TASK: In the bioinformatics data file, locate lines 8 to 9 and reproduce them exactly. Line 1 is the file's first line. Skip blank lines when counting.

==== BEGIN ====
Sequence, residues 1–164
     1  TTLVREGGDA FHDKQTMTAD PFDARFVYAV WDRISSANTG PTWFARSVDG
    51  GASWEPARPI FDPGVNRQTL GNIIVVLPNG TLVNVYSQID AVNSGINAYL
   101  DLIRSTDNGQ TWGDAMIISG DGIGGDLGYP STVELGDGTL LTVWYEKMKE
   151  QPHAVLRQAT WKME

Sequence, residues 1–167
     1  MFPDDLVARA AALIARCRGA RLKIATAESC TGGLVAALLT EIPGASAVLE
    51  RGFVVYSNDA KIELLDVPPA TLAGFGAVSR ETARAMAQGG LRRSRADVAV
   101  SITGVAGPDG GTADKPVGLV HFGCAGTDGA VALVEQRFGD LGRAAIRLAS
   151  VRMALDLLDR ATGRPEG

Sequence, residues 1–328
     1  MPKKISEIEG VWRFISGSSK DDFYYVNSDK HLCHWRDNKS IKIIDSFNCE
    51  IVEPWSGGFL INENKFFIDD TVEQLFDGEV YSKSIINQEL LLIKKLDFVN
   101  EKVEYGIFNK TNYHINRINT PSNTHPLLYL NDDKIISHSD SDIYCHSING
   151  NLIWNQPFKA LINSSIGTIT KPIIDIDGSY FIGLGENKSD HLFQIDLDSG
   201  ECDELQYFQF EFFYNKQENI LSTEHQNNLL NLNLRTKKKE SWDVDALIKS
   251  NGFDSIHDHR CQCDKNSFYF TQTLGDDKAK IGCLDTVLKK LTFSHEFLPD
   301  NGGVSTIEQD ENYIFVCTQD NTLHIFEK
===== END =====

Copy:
    51  RGFVVYSNDA KIELLDVPPA TLAGFGAVSR ETARAMAQGG LRRSRADVAV
   101  SITGVAGPDG GTADKPVGLV HFGCAGTDGA VALVEQRFGD LGRAAIRLAS